Had the same problem myself, and looking back I realise I should have just looked for a new job sooner than I did. Although the bosses "really appreciated" what I did they also constantly gave the impression that it would be a struggle to pay the employees if such and such wasn't done by the end of the week. I was also bad at estimating the time for tasks and often found myself overworked because I had underestimated how long something would take.
Project planning is key here. You need to do a planning meeting for each week during which you tell him how much can be accomplished each day. If your boss interrupts you with something urgent, you need to get a definite answer from him on what the highest priority (and don't accept "They're all priorities" as I sometimes mistakenly did, get him to put a number beside each one), state explicitly that this interruption will push out the delivery time of the task that was interrupted.
Never give a range of how long something will take, e.g. 2 to 4 hours. You think you've allowed yourself 4 hours but your boss - himself probably under pressure too - expects it in 2. Just say 4 hours.
Don't tolerate emotional blackmail. I'm guessing your boss is really generous with the "free" rewards (i.e. compliments, understanding and appreciation). Doing a 60 hour week should really be only in exceptional circumstances.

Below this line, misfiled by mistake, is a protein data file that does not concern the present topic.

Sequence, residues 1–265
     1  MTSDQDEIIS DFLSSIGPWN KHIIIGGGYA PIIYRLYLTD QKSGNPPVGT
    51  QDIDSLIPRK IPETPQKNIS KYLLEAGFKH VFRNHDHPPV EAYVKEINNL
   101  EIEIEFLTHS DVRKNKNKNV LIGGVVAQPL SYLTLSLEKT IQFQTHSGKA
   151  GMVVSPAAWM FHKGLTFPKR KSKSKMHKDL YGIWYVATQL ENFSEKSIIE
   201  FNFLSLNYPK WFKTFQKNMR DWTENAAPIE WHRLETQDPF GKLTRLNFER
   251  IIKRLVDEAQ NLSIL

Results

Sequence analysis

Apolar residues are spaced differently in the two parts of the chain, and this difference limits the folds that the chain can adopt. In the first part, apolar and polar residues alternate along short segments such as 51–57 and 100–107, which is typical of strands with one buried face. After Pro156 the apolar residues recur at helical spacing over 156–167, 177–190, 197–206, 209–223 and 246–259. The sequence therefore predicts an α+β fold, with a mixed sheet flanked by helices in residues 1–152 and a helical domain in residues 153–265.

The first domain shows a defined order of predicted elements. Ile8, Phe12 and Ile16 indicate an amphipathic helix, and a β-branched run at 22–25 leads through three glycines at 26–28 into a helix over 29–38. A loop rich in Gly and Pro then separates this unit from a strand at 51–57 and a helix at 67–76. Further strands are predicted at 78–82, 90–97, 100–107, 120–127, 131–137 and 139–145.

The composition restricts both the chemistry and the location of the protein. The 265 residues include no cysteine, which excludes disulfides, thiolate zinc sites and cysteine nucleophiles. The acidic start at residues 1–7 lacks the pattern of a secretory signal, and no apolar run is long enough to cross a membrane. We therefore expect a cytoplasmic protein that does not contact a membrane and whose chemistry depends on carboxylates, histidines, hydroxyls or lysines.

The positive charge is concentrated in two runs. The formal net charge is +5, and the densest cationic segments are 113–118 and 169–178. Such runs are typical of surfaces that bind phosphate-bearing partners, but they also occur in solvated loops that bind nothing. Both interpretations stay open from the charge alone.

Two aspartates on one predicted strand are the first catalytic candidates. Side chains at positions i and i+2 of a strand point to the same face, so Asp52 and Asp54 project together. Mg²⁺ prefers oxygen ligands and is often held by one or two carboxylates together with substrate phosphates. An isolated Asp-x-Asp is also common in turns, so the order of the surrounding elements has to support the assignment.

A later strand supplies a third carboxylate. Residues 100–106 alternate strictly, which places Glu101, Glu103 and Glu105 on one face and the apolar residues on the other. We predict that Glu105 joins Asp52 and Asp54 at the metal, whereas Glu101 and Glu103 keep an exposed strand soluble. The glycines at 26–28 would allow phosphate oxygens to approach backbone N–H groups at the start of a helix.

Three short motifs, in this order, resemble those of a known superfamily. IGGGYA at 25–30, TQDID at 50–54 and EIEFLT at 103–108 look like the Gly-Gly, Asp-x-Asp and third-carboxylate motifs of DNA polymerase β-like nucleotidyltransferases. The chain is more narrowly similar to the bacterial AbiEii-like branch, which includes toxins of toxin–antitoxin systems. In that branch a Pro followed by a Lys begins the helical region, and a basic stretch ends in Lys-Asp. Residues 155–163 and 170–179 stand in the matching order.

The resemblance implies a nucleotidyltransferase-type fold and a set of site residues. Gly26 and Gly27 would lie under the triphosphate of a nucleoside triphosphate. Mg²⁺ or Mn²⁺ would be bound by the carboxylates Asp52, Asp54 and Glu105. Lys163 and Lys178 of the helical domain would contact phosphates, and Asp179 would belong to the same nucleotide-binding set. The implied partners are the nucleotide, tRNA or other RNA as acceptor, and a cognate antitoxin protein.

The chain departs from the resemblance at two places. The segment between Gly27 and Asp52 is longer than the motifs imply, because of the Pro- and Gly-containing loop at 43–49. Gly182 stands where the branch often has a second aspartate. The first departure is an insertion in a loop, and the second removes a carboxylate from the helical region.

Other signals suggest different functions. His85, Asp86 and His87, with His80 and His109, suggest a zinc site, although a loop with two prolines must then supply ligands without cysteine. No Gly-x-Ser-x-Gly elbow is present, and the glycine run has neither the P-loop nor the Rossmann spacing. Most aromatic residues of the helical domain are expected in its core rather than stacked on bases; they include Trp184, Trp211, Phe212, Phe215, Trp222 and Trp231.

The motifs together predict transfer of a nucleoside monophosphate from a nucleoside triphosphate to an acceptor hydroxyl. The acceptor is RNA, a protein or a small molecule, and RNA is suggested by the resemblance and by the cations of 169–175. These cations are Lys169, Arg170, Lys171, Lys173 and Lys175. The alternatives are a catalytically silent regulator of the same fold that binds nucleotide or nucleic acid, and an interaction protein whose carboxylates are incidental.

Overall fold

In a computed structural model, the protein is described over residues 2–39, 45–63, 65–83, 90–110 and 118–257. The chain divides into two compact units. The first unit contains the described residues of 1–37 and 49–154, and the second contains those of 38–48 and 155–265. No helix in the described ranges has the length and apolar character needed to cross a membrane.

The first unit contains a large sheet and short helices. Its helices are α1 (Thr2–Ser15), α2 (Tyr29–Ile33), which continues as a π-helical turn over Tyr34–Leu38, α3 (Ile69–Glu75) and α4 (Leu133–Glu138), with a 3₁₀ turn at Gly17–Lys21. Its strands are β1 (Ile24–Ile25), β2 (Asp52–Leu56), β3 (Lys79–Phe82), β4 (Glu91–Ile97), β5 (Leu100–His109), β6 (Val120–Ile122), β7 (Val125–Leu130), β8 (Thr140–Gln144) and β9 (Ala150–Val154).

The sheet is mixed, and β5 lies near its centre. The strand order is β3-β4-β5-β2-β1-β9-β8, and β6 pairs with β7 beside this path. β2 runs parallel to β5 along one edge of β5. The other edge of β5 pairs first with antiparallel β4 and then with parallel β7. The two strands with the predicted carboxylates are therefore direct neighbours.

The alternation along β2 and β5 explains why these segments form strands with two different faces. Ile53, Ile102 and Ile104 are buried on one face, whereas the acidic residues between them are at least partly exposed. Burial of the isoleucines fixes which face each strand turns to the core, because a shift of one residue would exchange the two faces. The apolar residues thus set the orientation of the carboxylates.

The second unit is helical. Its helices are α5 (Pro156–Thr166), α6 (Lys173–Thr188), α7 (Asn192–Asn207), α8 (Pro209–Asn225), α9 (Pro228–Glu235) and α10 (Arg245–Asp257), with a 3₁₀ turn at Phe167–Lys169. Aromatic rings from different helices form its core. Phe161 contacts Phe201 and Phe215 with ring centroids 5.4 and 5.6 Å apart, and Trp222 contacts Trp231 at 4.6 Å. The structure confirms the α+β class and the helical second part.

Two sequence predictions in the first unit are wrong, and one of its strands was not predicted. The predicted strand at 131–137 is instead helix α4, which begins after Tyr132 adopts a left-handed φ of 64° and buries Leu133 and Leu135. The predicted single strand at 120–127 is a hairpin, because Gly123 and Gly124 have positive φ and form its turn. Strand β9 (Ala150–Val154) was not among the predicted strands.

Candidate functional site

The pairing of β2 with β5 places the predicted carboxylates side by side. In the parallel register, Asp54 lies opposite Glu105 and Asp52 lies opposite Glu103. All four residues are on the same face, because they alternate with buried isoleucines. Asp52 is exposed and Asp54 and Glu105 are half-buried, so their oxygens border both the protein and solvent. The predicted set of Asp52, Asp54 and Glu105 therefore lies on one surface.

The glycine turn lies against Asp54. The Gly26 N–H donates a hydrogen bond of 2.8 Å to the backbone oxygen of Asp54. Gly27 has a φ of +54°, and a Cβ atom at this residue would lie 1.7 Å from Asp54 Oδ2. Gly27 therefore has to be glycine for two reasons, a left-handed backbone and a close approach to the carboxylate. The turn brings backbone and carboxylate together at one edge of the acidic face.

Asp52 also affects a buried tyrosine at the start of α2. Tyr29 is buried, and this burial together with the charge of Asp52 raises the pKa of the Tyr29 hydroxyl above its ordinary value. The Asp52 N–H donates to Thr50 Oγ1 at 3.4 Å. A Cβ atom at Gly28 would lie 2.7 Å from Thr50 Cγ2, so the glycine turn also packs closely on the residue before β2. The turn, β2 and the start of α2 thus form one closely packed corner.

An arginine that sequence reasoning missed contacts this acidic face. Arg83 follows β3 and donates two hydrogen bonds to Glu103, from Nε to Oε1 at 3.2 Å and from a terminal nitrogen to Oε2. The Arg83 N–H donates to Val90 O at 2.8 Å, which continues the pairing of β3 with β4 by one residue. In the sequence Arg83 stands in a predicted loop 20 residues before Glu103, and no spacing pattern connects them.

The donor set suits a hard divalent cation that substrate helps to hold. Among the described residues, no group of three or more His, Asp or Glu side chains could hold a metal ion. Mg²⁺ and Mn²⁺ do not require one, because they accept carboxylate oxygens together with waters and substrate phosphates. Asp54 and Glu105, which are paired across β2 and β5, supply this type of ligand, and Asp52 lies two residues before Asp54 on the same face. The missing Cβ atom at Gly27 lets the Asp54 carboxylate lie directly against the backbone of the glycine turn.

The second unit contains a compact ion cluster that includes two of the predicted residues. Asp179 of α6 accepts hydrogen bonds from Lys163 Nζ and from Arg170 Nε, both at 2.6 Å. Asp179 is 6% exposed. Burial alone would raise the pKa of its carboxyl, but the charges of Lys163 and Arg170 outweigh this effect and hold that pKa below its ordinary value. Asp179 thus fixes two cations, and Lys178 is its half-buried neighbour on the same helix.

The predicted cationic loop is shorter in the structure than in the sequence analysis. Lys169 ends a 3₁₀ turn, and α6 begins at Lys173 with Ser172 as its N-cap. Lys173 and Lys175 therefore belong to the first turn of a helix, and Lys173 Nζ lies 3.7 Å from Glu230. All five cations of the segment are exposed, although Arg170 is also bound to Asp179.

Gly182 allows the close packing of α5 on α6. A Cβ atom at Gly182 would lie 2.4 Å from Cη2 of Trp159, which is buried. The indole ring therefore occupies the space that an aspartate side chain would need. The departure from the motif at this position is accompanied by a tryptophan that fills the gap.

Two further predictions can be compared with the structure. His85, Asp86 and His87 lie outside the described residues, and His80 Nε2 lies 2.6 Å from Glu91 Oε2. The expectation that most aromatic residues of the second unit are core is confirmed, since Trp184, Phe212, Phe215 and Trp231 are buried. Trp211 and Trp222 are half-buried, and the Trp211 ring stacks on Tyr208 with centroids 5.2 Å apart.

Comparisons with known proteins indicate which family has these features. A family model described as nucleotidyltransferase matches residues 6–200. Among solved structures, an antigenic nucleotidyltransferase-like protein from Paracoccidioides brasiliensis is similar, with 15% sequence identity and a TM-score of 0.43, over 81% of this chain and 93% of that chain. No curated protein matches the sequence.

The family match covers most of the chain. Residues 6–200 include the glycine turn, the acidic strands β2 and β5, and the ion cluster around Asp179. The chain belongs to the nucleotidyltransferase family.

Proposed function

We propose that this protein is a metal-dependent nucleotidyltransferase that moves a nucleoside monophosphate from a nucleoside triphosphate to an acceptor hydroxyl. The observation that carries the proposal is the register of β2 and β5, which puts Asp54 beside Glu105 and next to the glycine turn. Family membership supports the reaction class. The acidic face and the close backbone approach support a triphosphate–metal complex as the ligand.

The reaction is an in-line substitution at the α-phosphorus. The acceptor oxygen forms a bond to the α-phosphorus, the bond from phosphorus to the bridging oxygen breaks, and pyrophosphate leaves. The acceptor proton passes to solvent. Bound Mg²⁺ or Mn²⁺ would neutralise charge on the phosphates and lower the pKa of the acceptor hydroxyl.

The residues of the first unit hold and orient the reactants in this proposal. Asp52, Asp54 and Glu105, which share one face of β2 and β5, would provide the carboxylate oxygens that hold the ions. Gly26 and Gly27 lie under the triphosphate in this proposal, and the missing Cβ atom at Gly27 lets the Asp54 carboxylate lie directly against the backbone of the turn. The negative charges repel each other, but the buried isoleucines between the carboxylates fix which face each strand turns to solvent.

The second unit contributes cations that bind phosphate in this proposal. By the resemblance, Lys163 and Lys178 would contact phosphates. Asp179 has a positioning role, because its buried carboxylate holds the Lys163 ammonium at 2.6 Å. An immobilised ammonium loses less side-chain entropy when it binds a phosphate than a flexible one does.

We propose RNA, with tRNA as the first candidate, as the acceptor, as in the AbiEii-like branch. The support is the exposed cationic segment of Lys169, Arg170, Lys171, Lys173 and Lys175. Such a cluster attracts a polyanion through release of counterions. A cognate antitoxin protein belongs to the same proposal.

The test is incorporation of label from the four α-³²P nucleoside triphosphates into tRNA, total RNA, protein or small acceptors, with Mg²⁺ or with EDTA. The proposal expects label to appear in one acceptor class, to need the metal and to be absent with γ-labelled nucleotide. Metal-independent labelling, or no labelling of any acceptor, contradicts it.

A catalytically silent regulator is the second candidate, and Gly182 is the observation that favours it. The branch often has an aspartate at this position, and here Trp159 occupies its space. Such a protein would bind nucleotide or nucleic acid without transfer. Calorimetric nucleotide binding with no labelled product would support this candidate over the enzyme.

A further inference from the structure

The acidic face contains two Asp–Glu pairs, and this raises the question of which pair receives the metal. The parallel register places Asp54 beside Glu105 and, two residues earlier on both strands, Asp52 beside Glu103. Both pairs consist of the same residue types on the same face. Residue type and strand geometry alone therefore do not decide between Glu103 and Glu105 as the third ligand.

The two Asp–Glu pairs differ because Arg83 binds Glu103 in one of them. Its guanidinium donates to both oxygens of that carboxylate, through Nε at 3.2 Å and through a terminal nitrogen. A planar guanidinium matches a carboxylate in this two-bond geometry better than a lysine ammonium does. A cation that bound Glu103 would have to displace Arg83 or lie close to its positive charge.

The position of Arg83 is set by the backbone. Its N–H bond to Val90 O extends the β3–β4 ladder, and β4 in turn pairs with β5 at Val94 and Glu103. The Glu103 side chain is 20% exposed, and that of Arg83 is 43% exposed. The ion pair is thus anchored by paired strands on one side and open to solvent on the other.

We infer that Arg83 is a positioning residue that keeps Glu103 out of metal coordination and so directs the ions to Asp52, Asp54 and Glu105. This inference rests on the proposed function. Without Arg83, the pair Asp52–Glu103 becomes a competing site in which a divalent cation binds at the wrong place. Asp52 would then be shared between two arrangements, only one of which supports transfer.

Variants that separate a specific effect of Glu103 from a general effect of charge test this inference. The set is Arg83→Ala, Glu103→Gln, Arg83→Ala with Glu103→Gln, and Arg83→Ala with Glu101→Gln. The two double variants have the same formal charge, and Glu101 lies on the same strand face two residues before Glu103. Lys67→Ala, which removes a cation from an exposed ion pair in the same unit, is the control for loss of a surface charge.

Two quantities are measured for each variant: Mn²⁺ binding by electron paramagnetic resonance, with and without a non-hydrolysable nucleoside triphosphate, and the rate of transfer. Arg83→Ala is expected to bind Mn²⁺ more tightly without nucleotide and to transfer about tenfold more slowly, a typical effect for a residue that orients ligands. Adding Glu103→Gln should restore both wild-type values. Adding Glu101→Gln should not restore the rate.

Regarding needy customers, you need to just set their expectations right. They may be needy because your boss has promised them a quick turnaround to improve his sales. If something is going to take a long time or you won't get to look at it for another three weeks, tell them up front. They may get annoyed at that, but they'll have to just put up with it. They'll appreciate it a hell of a lot more than if you promise it the end of this week and fail to deliver because you underestimated or had to do something for another needy customer. Again you need to be assertive.
The question really is, if your boss can't earn enough to pay his employees for an honest week's work, does he have a viable business? If not, you need to look for a new job.
Finally, your boss may talk about how, once it's established, the company is going to be huge and you, having been in on the ground floor, are going to be rich. Don't listen! Maybe it will, maybe it won't. But don't take the gamble based on what he says, no matter how convincing he sounds. I'm not saying it's a trick to keep you loyal, he's probably convinced of it himself. Doesn't mean it's true.